Bug Week–Japanese Beetles

You, know, if these darn things weren’t so destructive, I think we’d all be celebrating them for their beauty.  Because I’m sorry to say, that from the time I was a child, I’ve found japanese beetles downright gorgeous!  One of my distinct memories as a child is finding them on roses (red, I believe) in our backyard.  And I just thought they were beautiful.

But my Dad didn’t share the sentiment–he was handpicking them and dropping them into kerosene (an “almost” organic gardener.  At least he wasn’t dusting the bushes with some toxic chemicals with a child nearby!)

I hunted high and low in my own yard to find my own beetle to photograph–because believe it or not, I have seen one or two this year–but they were not cooperative.  So I’ll have to resort to Wikipedia again to provide the image for me (and be grateful I have so few beetles to photograph!):

File:Popillia japonica.jpg

[Image from Wikipedia]

But look at that thing–coppery and metallic green–really, if it weren’t eating holes in every plant in sight, wouldn’t it be a thing of beauty?

But sadly, it’s that nasty habit of eating holes in every plant in sight–and it’s really not terribly discriminating in what it eats.  It likes annuals, perennials, herbs and even the foliage of trees.  What’s a gardener to do?

And as if that isn’t bad enough, when it’s done munching, it lays eggs, that turn into grubs that may lay waste to your lawn.  Now that’s a vicious bug!

Well, if there are a manageable number, I’d suggest doing a similar thing to what dear old Dad used to do–minus the kerosene of course.  Hand picking is a very satisfying way of ridding yourself of these pesky things.  In years when my population soars beyond the single digits (which I must say doesn’t happen too often) I have always resorted to this method.

These guys are quite sluggish in the morning or the evening.  Nothing like taking your frustrations out after a hard day at work than by knocking the little buggers into a cup half filled with water and some dish soap.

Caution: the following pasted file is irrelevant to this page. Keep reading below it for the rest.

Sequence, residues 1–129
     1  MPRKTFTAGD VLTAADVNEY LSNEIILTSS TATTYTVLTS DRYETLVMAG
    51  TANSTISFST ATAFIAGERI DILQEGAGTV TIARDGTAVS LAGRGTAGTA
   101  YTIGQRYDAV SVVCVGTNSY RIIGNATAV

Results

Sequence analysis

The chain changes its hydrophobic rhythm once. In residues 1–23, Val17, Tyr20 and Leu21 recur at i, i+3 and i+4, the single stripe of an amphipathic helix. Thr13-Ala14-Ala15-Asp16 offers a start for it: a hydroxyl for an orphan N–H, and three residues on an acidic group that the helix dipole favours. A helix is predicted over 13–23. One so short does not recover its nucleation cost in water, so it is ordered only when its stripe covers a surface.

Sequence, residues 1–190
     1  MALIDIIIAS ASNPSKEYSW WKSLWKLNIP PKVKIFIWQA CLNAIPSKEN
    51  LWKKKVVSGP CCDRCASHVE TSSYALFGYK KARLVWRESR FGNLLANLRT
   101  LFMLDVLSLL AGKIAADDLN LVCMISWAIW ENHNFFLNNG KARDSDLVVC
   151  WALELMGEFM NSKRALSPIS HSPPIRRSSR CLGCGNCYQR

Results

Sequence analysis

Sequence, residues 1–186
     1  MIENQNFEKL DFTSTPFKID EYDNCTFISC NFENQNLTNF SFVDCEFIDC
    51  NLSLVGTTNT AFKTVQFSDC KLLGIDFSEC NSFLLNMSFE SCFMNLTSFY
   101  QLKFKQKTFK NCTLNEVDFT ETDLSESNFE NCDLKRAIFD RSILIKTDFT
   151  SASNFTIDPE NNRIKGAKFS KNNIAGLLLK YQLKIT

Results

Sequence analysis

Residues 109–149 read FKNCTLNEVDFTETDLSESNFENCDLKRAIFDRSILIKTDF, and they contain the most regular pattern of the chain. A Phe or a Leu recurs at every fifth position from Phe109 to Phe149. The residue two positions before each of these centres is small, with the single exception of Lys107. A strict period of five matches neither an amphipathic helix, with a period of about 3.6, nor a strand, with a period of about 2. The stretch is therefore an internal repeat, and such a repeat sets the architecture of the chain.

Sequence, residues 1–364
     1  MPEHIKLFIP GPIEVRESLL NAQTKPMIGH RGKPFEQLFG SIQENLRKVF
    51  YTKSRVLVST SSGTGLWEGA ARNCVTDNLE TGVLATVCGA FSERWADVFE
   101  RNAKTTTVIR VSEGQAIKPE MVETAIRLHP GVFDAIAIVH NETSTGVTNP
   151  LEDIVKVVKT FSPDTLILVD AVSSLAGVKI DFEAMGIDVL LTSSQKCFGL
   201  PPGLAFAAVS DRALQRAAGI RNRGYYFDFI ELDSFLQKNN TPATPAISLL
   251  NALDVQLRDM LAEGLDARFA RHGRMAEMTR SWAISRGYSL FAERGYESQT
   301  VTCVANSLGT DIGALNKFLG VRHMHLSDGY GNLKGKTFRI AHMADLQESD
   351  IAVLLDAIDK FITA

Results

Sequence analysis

This year one of my readers informed me that frogs love to eat them–so if I do find some, I’ll just knock them into a cup of water (minus the soap) to stun them, then dump them into the pond for Freddy.

I can’t say I’ve ever had to do more than this hand-picking and it’s not for lack of growing plants they love.  I’ve got lots of roses as you’ll see next week, basil, geraniums, even weeping cherries.  I’m not sure why they avoid the yard–perhaps the birds get the grubs so the beetles never get a chance to grow up.  Maybe they make tasty bird food–wouldn’t that be a lovely thing?  Now if only I could get them to eat the wasps and hornets.

3 thoughts on “Bug Week–Japanese Beetles

  1. Donna July 28, 2011 / 9:04 am

    I am inundated with them and usually we have large numbers in my area but I never thought of the frogs in the pond. I will get busy knocking them into a bucket and feeding the frogs..thx

  2. planthoarder March 6, 2012 / 6:32 pm

    Come August I’m drowning in them, so I return the favor and drown them right back. I think I get so many because, while there’s plenty of grass, I’ve got the only garden with rose and malva family plants, since I’m surrounded by farm fields and they’re not that fond of corn or soybeans.

  3. gardendaze March 6, 2012 / 7:06 pm

    Yes, you certainly have the plants that they like, and then some nice lawn for the laarva to burrow into. I’ve always gotten a certain satisfaction out of the drowning thing–but not everyone feels the way we do obviously! And last year I did feed a few to the frog. He was very happy!

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